*jllt's version is more focused on the countervailing forces of 'sianization' :)

Wednesday, June 22, 2005

Being elite

The Youthink section in the Straits Times on 20th June presented an article on the theme of "being elite". This is a very hot topic now, and I want to blog about it not because I like fashionable things (e.g. I don't read certain high-profile blogs), but because having read the ST article once, twice, and thrice, I was left with a nagging feeling of uneasiness.....

The disturbing thing is not that what the contributors wrote was total rubbish. If that was the case, then it would have been easy for me to dismiss it completely. The problem is that what they wrote consisted of many familiar arguments on this issue, but with a few slightly inappropriate sentences inserted here and there....(by three of the five contributors). Here they are:

(1) "To the non-elites, accept yourself for who you are and don't wallow in self-pity. Rise above your personal limitations and prove those who look down on you wrong."

After I read this, I did not become unhappy with the writer mainly because I know that she meant well. And that's actually part of the problem! She actually meant well! Yet it came across badly in the end. The writer was arguing that we should "celebrate those who work hard too" and I certainly agree with this and with most of the things she said. But the way the section ended was not as graceful as it could have been, for three reasons:

Firstly, the term "non-elites" inherently defines the majority of the people against the minority (elite) group. Tell me, do you prefer to be known as a Singaporean, or a "non-Westerner"? Why should anyone define himself in relation to another group of people?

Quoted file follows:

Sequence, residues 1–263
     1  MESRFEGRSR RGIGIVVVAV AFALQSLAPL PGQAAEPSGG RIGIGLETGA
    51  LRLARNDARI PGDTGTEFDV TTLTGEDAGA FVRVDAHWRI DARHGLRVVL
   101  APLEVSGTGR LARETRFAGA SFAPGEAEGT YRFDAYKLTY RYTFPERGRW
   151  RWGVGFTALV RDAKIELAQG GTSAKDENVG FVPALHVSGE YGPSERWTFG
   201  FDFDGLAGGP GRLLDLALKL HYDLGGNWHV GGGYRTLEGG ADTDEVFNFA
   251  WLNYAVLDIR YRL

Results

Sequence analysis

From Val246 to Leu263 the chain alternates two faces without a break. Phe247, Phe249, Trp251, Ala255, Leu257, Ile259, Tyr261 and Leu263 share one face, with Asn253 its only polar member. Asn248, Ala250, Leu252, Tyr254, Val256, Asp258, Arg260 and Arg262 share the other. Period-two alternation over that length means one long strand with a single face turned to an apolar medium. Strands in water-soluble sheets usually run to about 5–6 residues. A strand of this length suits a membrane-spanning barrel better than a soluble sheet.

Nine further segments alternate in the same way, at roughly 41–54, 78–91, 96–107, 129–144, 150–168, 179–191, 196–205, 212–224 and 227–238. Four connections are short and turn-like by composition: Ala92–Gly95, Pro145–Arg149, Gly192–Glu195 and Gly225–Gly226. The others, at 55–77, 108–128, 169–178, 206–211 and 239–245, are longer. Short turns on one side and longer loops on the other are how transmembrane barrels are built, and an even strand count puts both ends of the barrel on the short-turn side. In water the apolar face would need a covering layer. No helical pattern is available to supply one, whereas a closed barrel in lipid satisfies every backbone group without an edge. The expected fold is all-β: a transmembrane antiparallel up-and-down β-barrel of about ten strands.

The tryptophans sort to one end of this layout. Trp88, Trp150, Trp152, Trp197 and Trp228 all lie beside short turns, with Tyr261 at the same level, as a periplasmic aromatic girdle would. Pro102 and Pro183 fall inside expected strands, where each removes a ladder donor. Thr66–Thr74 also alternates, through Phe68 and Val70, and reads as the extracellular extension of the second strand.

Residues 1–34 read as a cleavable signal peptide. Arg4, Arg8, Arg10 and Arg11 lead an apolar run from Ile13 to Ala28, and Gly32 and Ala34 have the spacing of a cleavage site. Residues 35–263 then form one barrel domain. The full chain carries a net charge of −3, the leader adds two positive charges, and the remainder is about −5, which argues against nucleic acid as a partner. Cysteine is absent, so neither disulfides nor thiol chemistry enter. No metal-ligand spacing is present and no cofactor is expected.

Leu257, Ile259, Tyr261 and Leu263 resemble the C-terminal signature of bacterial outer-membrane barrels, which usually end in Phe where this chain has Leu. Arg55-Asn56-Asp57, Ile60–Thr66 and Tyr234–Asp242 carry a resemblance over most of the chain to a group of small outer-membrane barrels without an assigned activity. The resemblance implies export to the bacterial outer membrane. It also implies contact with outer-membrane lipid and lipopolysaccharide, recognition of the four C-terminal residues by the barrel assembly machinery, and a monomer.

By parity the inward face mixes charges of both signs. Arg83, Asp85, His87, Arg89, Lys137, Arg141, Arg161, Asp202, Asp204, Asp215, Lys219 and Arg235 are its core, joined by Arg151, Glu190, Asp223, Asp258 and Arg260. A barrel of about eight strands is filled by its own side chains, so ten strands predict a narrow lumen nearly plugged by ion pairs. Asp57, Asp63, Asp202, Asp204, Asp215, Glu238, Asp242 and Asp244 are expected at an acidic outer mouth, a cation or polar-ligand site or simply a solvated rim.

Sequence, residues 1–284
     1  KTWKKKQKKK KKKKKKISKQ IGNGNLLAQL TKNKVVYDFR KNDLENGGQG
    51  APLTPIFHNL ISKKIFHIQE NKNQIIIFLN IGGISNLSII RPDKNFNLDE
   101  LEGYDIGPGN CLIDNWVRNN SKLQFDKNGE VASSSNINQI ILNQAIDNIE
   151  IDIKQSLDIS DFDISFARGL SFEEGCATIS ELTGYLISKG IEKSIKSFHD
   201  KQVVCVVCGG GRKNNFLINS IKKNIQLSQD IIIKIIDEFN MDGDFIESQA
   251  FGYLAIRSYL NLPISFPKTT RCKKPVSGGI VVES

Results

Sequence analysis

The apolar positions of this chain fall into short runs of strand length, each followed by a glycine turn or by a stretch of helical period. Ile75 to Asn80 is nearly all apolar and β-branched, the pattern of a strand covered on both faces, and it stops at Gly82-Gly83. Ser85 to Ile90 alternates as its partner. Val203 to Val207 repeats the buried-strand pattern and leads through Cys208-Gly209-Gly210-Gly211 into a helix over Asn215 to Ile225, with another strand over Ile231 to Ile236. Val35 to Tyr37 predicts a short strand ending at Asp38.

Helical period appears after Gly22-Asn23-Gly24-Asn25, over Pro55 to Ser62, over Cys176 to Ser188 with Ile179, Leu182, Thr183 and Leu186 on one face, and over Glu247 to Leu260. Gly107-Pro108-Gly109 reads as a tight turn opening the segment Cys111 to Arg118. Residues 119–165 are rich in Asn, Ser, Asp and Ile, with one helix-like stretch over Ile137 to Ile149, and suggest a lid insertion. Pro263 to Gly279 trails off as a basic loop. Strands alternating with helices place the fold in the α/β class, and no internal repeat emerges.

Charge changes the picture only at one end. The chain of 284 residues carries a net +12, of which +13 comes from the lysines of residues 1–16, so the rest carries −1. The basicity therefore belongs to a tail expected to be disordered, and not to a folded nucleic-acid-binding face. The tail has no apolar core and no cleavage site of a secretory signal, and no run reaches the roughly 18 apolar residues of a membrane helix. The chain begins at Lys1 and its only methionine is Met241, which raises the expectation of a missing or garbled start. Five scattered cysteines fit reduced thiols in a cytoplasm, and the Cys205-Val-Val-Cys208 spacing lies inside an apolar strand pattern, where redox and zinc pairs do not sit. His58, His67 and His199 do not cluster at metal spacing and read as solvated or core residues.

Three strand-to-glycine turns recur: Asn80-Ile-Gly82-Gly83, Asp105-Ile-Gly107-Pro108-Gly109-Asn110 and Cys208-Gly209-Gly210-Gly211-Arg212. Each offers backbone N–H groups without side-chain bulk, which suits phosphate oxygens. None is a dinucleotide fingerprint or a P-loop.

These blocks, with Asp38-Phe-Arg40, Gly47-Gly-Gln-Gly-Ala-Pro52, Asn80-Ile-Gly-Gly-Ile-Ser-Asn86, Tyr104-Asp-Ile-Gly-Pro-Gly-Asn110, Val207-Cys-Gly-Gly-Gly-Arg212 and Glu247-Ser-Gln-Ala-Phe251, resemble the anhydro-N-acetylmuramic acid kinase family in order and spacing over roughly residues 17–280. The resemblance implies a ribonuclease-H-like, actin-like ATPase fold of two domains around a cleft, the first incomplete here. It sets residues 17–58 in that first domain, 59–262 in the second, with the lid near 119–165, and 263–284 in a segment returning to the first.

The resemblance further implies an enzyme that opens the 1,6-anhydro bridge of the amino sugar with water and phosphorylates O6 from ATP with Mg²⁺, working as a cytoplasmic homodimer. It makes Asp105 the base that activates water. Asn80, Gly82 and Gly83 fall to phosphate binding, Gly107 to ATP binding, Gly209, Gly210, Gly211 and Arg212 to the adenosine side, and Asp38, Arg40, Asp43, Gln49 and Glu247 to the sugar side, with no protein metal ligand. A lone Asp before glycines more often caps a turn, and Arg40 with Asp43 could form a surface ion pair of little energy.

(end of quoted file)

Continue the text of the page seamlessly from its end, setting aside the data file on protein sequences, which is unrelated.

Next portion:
Secondly, the sentence "accept yourself for who you are, and don't wallow in self-pity" is patronising. Just as we should never walk up to a stranger and say, "Hey pal, don't be sad lah, accept yourself for who you are", we should also never declare that people are in fact wallowing in self-pity for certain assumed reasons.

Thirdly, the last sentence "Rise above your personal limitations and prove those who look down on you wrong" presupposes that (a) if one cannot be part of the elite, it must certainly be due to personal limitations rather than external, societal, or systemic factors, and (b) there are indeed some people out there looking down on non-elites. But if there are indeed many such people who are narrow-minded enough to do so, shouldn't the writer be urging these people to change their views instead, rather than telling the non-elites to fight for the self-respect that they deserve all along?

(2) "Going to a JC is regarded as the main route to university, and people who don't make the cut either go to a polytechnic or the ITE....I'm not trying to promote polytechnic studies....My point is that young people should not blindly follow the 'elite' route".

This section (written by a different contributor) also gave me the perplexing feeling that I can agree with the general thrust of his/her argument and yet find certain aspects of the article problematic. The striking thing is how the writer states the observations as though they are undisputable matters of fact without pointing out that those views are in fact wrong even though they are widespread (for example, wouldn't it be good if s/he indicated his/her normative stance by saying that "going to a JC is often wrongly regarded as the main route to university"). The part that says so unambiguously that "people who don't make the cut...go to polytechnics" is also problematic, for it simply reinforces the misleading beliefs held by some that (a) only people who cannot make it to JCs go to the polytechnics, (b) there is one and only one 'elite route' rather than multiple pathways, and (c) that people opting for the polytechnic route are in fact permanently cutting themselves off from the opportunity of being an elite. Are they?